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tlr online
02-02-04, 00:02
Scattered lakes and mountain ranges glow with jewel-like tones of green and blue in the midst of central Asia, shown here in this true-color Terra MODIS image from September 8, 2003. At the top of the image, streaks of dark green follow ridges of high land on the southern edge of the Western Siberian Plateau, located in southern Russia. The green grows more intense as it covers the Zapadnyy Sayan Mountains, which run along the border of northwestern Mongolia.

Just inside the Mongolian border, the Uvs (upper) and Hyargas (middle) lakes are a tranquil deep blue with small swirls of green along the lake edges. In central western Mongolia, the Har Us (lower left) and Har (lower right) lakes are a lighter green color, with areas of darker blue clear water.

In northwestern China, one small lake stands out in the northern reaches of the Junggar Basin - the Ulungur, which is the largest body of water in the region. Almost due east from the Ulungur, on the Kazakhstan side of the border, Lake Zaysan has even more intense swirls of green in its body. And the Balkash and Alakol' lakes lie like two chips of turquoise on the high planes north of the Tien Shan Mountains (which run along image bottom). The vibrant colors swirling through all of these lakes are the result of sediments in the water and probably also the presence of microscopic plant life, like algae.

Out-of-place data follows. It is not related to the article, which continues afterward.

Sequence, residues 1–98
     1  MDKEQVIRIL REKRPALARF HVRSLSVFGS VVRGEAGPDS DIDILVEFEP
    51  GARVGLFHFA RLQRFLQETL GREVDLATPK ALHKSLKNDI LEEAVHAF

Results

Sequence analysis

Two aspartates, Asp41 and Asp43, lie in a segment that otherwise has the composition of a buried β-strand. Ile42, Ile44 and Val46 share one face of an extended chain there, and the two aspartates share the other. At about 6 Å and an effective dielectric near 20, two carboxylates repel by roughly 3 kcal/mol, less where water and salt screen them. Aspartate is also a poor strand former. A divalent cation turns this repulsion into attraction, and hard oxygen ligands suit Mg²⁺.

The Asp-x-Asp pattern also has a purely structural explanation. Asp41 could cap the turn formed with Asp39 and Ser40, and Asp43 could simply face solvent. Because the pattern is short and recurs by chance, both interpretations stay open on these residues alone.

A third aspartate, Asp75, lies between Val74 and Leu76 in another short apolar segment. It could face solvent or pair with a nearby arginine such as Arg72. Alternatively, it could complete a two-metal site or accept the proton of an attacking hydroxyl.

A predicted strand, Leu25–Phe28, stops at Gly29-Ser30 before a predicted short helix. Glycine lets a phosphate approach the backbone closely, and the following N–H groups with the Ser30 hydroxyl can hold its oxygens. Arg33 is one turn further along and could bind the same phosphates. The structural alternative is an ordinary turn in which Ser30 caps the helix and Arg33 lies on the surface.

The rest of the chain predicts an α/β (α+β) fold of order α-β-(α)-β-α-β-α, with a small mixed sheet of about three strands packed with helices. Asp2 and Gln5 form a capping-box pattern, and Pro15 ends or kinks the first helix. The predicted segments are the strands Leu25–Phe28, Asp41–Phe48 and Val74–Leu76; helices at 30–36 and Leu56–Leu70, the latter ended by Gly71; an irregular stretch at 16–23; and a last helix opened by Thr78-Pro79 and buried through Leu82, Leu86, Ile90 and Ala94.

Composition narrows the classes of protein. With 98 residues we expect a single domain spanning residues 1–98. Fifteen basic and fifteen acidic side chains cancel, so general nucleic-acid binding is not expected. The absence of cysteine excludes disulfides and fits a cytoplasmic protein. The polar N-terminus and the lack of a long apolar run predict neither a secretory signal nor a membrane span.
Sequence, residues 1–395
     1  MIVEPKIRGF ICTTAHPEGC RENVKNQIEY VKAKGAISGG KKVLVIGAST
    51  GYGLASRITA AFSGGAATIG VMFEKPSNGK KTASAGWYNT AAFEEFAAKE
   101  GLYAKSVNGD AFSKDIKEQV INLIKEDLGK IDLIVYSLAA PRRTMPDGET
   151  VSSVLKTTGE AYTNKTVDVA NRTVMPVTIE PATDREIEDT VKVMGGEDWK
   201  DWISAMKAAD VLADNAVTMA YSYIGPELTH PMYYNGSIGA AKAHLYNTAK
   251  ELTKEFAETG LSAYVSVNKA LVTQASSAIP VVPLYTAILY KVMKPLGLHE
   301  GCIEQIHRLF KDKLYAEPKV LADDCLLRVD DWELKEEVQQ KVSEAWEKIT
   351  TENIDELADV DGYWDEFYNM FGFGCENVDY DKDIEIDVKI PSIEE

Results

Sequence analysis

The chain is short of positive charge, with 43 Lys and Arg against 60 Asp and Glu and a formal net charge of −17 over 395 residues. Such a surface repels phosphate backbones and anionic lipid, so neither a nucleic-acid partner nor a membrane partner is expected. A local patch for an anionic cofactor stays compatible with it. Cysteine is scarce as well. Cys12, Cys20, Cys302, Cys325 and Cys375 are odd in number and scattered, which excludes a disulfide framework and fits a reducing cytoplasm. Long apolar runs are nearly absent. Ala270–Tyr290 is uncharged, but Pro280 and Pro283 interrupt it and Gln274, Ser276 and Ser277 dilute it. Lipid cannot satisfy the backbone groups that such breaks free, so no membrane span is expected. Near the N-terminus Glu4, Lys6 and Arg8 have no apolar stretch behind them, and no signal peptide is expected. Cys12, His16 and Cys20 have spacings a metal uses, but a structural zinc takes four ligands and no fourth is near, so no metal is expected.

Scattered throughout the image are tiny red dots, all of which represent actively burning fires. Some of the fires, especially those in eastern Kazakhstan, show visible smoke plumes, which look like streaks of white or gray.

http://modis.gsfc.nasa.gov/gallery/images/image02012004_md.jpg

Copyright 2004 NASA

Celli
02-02-04, 00:35
Wow, part of that looks really green! http://www.tombraiderforums.com/images/smilies/tongue.gif I never knew there could be that dramatic of a change from desert to "lush" areas.

I can't remember, but did you have a recent picture of the Aral Sea that you put up?

gonga
02-02-04, 01:29
The green would be from the orographic effect. This region is in the prevailing westerlies, the same planetary circulation belt as us (notice the eastern slopes are drier). Also, the north slopes of the mountains experience less evapotranspiration and drought during the summer.

Celli
02-02-04, 01:37
Wow, gonga you put NASA to shame! :D ;)

gonga
02-02-04, 01:43
The trick is to keep one step ahead of yer students at all times :D

Heck, I'm no meteorologist - I'm a geologist. But I'd love to play with the "blue screen" someday http://www.tombraiderforums.com/images/smilies/whistle.gif